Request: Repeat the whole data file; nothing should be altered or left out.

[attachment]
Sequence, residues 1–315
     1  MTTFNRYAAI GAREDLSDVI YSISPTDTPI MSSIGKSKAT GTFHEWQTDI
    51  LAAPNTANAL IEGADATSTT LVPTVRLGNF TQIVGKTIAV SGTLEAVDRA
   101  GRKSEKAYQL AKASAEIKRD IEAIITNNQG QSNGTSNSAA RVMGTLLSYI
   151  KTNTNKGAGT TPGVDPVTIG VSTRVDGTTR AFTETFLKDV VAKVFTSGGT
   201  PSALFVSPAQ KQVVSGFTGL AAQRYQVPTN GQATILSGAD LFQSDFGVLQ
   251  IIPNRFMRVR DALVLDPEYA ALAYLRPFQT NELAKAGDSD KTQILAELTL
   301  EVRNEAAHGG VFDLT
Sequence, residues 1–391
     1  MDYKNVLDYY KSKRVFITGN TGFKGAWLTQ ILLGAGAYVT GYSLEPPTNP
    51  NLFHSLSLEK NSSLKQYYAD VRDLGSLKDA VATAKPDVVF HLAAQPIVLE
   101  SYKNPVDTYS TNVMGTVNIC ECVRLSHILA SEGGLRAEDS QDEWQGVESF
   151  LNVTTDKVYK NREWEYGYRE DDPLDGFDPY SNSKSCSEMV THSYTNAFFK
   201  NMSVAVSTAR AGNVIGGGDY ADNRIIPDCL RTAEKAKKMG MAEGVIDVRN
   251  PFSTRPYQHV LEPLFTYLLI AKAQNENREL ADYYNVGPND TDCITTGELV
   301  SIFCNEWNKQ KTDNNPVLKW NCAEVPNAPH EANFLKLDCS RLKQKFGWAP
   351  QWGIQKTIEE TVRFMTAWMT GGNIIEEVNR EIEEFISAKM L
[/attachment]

Sequence, residues 1–315
     1  MTTFNRYAAI GAREDLSDVI YSISPTDTPI MSSIGKSKAT GTFHEWQTDI
    51  LAAPNTANAL IEGADATSTT LVPTVRLGNF TQIVGKTIAV SGTLEAVDRA
   101  GRKSEKAYQL AKASAEIKRD IEAIITNNQG QSNGTSNSAA RVMGTLLSYI
   151  KTNTNKGAGT TPGVDPVTIG VSTRVDGTTR AFTETFLKDV VAKVFTSGGT
   201  PSALFVSPAQ KQVVSGFTGL AAQRYQVPTN GQATILSGAD LFQSDFGVLQ
   251  IIPNRFMRVR DALVLDPEYA ALAYLRPFQT NELAKAGDSD KTQILAELTL
   301  EVRNEAAHGG VFDLT
Sequence, residues 1–391
     1  MDYKNVLDYY KSKRVFITGN TGFKGAWLTQ ILLGAGAYVT GYSLEPPTNP
    51  NLFHSLSLEK NSSLKQYYAD VRDLGSLKDA VATAKPDVVF HLAAQPIVLE
   101  SYKNPVDTYS TNVMGTVNIC ECVRLSHILA SEGGLRAEDS QDEWQGVESF
   151  LNVTTDKVYK NREWEYGYRE DDPLDGFDPY SNSKSCSEMV THSYTNAFFK
   201  NMSVAVSTAR AGNVIGGGDY ADNRIIPDCL RTAEKAKKMG MAEGVIDVRN
   251  PFSTRPYQHV LEPLFTYLLI AKAQNENREL ADYYNVGPND TDCITTGELV
   301  SIFCNEWNKQ KTDNNPVLKW NCAEVPNAPH EANFLKLDCS RLKQKFGWAP
   351  QWGIQKTIEE TVRFMTAWMT GGNIIEEVNR EIEEFISAKM L